Cheers to our Founder Hal Weller, well deserved recognition as a Local Hero!!!

From directing across the nation, to teaching young musicians in the valley

With a career as a conductor spanning 45 years, Hal Weller has directed orchestras all across the nation.

However, it’s what he’s doing after retirement, that’s giving young musicians the tools they need to succeed.

It starts with a single note and together, they create music.

“Hearing the kids play, watching them smile,” Weller said.

That is what is most rewarding for Weller, who created the Foundation to Assist Young Musicians (FAYM) back in 2007.

It started with one Polish student who he saw had great potential.

“I had asked him eventually if he ever thought of studying in the United States, and Krzysztof wrote back and said, ‘No, my parents are really poor. That would be impossible.’ So it was the word impossible that started the foundation,” Weller said.

He brought Krzysztof to the United States, and he’s now a professional musician.

Since then, FAYM has given out 40 scholarships ranging from $500 to $80,000.

“Real development happens in an earlier age, so we’re catching these kids at about third-grade level,” Weller said. “They come from low-income families who can’t really afford lessons or instruments, so we provide two lessons a week.”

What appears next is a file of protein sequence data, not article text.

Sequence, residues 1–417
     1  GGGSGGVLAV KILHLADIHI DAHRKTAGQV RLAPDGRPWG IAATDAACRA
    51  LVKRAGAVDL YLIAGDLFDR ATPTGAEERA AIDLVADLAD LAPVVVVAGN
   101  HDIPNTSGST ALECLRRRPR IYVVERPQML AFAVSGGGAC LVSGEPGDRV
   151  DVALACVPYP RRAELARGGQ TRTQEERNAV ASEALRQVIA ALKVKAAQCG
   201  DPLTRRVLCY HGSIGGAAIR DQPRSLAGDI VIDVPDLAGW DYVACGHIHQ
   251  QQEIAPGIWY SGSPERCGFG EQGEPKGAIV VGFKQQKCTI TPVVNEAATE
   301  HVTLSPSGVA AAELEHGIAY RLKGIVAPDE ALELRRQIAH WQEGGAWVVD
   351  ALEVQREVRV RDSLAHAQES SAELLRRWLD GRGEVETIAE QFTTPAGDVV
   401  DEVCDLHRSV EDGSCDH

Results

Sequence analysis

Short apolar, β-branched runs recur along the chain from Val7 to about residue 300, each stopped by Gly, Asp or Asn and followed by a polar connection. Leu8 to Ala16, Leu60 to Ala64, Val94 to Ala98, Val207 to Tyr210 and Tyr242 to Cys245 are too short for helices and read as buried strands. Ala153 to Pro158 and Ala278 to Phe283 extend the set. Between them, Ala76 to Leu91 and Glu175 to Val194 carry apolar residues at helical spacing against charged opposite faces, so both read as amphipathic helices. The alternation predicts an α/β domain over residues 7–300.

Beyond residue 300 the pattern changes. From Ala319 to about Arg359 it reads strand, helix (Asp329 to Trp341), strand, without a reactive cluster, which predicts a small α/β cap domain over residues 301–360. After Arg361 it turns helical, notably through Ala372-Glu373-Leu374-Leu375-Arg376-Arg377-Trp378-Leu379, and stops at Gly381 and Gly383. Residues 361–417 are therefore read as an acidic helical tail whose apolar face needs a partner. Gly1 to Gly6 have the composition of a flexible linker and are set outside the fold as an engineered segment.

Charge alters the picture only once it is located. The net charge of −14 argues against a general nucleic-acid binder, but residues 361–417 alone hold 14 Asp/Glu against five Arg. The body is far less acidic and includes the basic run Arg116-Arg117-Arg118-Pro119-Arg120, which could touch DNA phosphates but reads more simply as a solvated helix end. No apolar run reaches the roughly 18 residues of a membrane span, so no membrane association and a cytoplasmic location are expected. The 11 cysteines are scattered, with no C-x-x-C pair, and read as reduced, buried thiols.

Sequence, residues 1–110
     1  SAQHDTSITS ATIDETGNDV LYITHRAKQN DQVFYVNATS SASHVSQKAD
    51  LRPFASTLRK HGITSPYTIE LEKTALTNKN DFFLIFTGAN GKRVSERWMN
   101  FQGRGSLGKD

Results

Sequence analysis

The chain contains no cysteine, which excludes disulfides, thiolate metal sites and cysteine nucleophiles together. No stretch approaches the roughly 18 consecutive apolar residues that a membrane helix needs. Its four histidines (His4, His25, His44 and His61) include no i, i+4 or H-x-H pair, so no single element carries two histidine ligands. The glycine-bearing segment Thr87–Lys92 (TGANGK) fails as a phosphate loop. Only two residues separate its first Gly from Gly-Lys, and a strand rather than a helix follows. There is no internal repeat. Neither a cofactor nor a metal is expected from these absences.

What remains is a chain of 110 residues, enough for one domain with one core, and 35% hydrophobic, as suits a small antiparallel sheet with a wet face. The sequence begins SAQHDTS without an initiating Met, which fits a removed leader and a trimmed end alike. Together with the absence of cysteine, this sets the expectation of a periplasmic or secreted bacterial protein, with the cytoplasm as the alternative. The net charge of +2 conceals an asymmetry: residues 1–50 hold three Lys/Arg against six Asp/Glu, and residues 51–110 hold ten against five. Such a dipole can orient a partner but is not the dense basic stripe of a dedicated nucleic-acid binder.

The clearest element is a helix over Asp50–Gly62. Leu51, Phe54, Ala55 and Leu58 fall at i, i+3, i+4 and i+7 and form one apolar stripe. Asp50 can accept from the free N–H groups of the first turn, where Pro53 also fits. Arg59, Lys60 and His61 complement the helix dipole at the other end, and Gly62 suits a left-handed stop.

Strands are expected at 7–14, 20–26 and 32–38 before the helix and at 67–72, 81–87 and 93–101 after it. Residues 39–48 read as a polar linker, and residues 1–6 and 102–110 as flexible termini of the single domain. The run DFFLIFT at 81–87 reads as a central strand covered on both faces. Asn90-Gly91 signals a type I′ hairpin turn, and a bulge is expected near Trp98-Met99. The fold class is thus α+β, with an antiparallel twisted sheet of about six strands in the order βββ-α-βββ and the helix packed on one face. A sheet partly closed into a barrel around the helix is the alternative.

It is part of the Violins for Kids program. Some students like 11-year-old Alexa Viedas who made the orchestra are now striving for the Golden Violin Award, where students can receive a brand new violin.

“If we didn’t know about FAYM, there’s no other way to afford to take her, so it’s wonderful she can participate,” said Alexa’s mother, Nancy Viedas.

Weller was a conductor of orchestras in several states and formed the Las Vegas Philharmonic in 1998.

After retirement, this is his way to make sure all children, despite their background, have the resources to experience his love for music.

“We formed a class with 11 kids with one volunteer teacher, and now we have 150 kids and 8 or 9 paid teachers in two locations,” Weller said.

“It’s just an amazing thing of someone of Hal’s status would care about the children and do things to make it happen just for the kids,” said Arturo Ochoa, a FAYM board member.

Weller knows many of these students won’t pursue music as a career, but he’s seen how a note, a melody, a song can transform young lives.

After all, music is what life sounds like with its high and low notes. This is a high, a passion, Weller hopes to share in the future.

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